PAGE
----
Percy Bysshe Shelley,
the Arabic language,
is on the long list of things I probably ought to be attending to, instead of the things I am attending to, like
a rasher of bacon,
my emails, etc.
So I was almost completely unfamiliar with Shelley’s work until my friend Melanie, wonderful singer and life-long vegetarian, with whom I’m working on a theatre piece about food, sent me a link to his brilliant, tub-thumping essay of 1813, A Vindication of Natural Diet. It was originally written as one of the notes to the epic poem Queen Mab, but it was eventually published independently as a pamphlet.
Queen Mab, despite its frisky title, is a tough read, all nine cantos of it. Shelley intended Queen Mab only for private publication, but it was pirated and published on the black market, becoming popular with working class political reformers, an inspiration for Chartism.It’s ostensibly a fairy tale, about the fairy Queen Mab (exquisitely described by Mercutio in Romeo and Juliet). But it’s really an opportunity for Shelley to imagine a stupendously unlikely utopia –now I come to think of it, it’s in the nature of utopias to be stupendously unlikely – in which humanity and nature are reconciled. This reconciliation includes the adoption of what was then called the Pythagorean System, or the Vegetable Regimen (the word ‘vegetarianism’ wasn’t invented until 1847):
‘And man, once fleeting o’er the transient scene
Swift as an unremembered vision, stands
Immortal upon earth: no longer now
He stays the lamb that looks him in the face,
And horribly devours his mangled flesh,
Which still avenging nature’s broken law,
Kindled all putrid humours in his frame,
All evil passions, and all vain belief,
Hatred, despair, and loathing in his mind,
The germs of misery, death, disease and crime.’
A Vindication of Natural Diet is essentially an expansion of this idea. In 1811, Shelley’s friend John Frank Newton published The Return to Nature: A Defence of the Vegetable Regimen. Shelley and his wife Harriet took up a ‘vegetable regimen’ in March 1812, and he started writing A Vindication of Natural Diet later that year. The first part of the essay is mostly a rehash of Newton’s arguments, starting with a pair of examples from mythology: the first iffy – Adam and Eve bring misery and mortality on themselves and their descendants by adopting an unnatural diet (but it was an apple!); the second more promising – Prometheus steals fire from heaven, and as a punishment his liver is continuously eaten by a vulture (ouch). He has enabled cooking, and cooking enables us to be carnivores, despite our anatomical unsuitability: ‘It is only by softening and disguising dead flesh by culinary preparation, that it is rendered susceptible of mastication or digestion; and that the sight of its bloody juices and raw horror does not excite intolerable loathing and disgust.’ And this unnatural diet has made him ‘a sickly, suffering creature.’
What comes next is pure Shelley. The argument extends to the moral and political realms: ‘There is no disease, bodily or mental, which adoption of vegetable diet…has not infallibly mitigated….Debility is gradually converted into strength, disease into healthfulness; madness in all its hideous variety, from the ravings of the fettered maniac, to the unaccountable irrationalities of ill temper, that make a hell of domestic life, into a calm and considerate evenness of temper, that alone might offer a certain pledge of future moral reformation of society. On a natural system of diet, old age would be our last and our only malady; the term of our existence would be protracted*; we should enjoy life, and no longer preclude others from the enjoyment of it….The monopolising eater of animal flesh would no longer destroy his constitution by devouring an acre at a meal…The quantity of nutritious vegetable matter, consumed in fattening the carcase of an ox would afford ten times the sustenance…if gathered directly from the bosom of the earth.’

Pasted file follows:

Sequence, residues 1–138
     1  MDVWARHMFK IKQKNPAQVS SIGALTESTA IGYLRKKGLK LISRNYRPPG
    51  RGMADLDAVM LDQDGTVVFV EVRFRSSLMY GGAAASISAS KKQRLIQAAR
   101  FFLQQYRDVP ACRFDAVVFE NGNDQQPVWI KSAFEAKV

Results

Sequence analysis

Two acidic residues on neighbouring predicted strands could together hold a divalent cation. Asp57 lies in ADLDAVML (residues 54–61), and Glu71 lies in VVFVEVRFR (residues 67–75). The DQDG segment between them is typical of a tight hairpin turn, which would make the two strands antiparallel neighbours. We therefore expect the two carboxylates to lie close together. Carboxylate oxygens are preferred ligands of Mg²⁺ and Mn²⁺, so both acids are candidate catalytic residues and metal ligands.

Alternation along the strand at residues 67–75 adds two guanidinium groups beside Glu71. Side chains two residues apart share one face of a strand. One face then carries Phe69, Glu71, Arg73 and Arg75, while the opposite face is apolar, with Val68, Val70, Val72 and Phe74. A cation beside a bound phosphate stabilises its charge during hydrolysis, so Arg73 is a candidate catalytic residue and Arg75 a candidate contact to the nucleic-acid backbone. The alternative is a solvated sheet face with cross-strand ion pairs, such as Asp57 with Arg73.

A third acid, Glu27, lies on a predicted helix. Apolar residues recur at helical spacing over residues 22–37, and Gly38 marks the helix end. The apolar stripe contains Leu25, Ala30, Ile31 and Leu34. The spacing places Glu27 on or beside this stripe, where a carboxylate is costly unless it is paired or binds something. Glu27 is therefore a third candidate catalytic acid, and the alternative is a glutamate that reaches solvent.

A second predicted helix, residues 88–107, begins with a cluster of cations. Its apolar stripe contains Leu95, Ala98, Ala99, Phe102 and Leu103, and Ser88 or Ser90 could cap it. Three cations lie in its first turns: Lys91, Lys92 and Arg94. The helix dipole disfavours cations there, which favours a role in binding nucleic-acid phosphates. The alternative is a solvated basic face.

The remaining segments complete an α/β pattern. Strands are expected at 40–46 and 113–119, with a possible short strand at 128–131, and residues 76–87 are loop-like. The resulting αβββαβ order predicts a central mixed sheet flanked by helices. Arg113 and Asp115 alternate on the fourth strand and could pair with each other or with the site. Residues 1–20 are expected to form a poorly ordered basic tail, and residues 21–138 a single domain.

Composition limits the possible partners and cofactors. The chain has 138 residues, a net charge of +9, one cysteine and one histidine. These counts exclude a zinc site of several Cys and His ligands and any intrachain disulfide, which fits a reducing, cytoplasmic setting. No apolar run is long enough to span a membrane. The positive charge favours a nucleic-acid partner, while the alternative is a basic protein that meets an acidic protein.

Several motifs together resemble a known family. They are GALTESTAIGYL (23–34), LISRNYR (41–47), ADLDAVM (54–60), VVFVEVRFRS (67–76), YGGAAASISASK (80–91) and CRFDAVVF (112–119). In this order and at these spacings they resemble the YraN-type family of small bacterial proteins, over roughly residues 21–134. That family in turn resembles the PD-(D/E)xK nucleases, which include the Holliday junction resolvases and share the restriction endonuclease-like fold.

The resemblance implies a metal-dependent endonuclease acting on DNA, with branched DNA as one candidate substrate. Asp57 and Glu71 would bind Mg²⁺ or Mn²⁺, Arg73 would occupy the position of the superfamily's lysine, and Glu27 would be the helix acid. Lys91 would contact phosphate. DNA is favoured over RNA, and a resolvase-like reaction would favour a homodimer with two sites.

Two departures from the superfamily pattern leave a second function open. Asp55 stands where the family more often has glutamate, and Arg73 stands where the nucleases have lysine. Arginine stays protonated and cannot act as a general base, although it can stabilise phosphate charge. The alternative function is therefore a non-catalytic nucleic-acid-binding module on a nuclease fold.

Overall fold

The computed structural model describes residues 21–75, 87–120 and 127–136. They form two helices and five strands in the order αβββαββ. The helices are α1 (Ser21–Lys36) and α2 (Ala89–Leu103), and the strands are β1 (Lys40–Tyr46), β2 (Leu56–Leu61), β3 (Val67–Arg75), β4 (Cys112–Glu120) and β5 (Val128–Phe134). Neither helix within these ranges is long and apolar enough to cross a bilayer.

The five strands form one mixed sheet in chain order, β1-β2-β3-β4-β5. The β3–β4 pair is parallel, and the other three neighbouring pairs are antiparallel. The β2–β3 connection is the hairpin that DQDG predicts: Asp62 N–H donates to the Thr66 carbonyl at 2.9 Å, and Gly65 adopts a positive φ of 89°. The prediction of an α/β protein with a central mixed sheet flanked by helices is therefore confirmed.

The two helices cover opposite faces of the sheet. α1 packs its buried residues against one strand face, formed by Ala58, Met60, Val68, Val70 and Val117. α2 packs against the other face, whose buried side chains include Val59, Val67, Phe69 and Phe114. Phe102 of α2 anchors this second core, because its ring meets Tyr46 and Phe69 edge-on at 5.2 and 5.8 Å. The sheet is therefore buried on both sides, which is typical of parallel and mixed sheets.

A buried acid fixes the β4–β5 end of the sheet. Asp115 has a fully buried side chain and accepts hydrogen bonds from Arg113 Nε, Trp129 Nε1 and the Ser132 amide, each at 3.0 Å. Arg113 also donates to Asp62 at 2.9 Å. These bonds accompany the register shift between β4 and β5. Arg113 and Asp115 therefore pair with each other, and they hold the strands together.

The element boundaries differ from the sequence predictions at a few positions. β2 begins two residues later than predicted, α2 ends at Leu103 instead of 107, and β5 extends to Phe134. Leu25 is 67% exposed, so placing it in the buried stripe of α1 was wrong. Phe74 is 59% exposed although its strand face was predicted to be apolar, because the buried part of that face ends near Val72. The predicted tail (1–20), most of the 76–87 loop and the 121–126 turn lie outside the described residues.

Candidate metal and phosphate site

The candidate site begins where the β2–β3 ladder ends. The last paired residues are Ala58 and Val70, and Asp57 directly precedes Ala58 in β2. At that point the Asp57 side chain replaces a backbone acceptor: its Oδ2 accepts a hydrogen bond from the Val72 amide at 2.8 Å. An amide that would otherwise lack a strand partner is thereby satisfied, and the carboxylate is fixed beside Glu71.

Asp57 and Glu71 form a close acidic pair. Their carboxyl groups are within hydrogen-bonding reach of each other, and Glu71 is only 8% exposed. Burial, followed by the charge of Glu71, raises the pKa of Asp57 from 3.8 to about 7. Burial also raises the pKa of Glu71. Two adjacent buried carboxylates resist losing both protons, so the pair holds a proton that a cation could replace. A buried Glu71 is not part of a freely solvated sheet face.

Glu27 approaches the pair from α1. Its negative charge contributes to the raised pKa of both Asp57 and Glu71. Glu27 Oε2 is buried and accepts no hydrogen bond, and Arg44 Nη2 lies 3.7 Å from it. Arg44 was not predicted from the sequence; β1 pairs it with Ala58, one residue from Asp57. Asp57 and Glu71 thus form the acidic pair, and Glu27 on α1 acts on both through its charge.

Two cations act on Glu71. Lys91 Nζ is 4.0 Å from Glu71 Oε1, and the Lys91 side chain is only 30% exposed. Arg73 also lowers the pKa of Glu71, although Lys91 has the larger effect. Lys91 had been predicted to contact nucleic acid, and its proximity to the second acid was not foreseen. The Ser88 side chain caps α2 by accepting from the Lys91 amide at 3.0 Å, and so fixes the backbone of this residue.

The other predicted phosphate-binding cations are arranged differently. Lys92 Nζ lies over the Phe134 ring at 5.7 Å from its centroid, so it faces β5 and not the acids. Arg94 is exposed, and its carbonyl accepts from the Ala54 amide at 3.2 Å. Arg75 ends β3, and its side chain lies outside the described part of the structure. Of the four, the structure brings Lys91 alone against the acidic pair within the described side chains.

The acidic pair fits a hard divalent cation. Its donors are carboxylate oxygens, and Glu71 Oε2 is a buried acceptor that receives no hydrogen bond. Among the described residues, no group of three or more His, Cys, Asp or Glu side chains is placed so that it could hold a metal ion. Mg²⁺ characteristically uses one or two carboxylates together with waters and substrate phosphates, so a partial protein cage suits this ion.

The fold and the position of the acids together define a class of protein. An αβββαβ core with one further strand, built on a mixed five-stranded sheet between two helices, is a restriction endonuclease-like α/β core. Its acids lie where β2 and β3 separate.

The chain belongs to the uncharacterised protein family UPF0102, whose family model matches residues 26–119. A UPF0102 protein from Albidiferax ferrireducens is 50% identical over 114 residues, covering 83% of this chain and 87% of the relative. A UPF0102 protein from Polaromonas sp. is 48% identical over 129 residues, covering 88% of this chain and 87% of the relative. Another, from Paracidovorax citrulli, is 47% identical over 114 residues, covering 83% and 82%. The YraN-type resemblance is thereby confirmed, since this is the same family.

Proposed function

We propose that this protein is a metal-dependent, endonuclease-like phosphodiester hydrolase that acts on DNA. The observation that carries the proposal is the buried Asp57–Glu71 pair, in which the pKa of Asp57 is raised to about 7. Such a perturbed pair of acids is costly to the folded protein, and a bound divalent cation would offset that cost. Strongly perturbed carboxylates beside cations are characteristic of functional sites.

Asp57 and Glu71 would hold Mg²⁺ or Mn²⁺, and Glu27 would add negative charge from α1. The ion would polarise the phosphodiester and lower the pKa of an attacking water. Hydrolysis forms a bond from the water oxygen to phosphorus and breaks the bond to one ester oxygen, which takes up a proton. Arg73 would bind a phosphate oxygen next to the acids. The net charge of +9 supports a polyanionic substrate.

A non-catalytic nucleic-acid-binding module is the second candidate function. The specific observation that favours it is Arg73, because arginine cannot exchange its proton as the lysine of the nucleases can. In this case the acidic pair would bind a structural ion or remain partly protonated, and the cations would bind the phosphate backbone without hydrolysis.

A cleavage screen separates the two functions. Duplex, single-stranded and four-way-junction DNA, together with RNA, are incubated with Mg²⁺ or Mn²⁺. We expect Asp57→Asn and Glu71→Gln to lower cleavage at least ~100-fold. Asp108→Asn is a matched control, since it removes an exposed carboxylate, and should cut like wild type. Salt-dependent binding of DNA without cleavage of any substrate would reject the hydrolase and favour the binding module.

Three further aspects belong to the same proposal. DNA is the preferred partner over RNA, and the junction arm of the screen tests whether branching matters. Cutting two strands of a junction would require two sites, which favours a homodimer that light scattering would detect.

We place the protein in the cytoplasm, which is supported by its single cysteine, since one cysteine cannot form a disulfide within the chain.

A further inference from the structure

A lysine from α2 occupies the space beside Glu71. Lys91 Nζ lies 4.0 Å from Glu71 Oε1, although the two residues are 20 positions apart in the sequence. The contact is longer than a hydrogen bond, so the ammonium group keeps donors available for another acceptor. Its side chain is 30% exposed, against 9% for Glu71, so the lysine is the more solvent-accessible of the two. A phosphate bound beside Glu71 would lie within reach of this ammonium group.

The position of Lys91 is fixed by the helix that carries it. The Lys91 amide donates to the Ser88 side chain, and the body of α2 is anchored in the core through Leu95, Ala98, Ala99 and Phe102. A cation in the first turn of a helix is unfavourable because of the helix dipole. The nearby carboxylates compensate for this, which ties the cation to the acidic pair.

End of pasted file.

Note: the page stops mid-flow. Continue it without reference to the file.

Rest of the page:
What if we grew all our necessities? ‘We should require no spices from India; no wines from Portugal, Spain, France or Madeira; none of those multitudinous articles of luxury, for which every corner of the globe is rifled, and which are the causes of so much individual rivalship, such calamitous and sanguinary national disputes.’ No blood! No wars! ‘Let it ever be remembered, that it is the direct influence of commerce to make the interval between the richest and the poorest man wider and more unconquerable.’ (When did he write this? Yesterday?) But with this great reform, ‘commerce, with all its vice, selfishness and corruption, would gradually decline…and the excessive complication of political relations would be so far simplified, that every individual might feel and understand why he loved his country, and took a personal interest in its welfare.’
Yes, of course it’s over the top. The use of fire for culinary purposes has hardly been an unmitigated disaster (Saffron Risotto! Cheese Soufflé!); in fact there are many vegetables and grains that would be indigestible without cooking – potatoes, rice, lentils….. And it’s going to take rather more than vegetarianism to create a political utopia. On the other hand, in a world where commerce rules and states are routinely bullied by corporations, it’s definitely an argument worth making. Amazing that he was making it 200 years ago.
*The essay ends with a glorious appendix of long-lived vegetarians:
Old Parr 152
Mary Patten 136
A shepherd in Hungary 126
Patrick O’Neale 113…
James the Hermit 104…
As a cricket fanatic I can’t help reading this as an amazing batting achievement by a very strong side.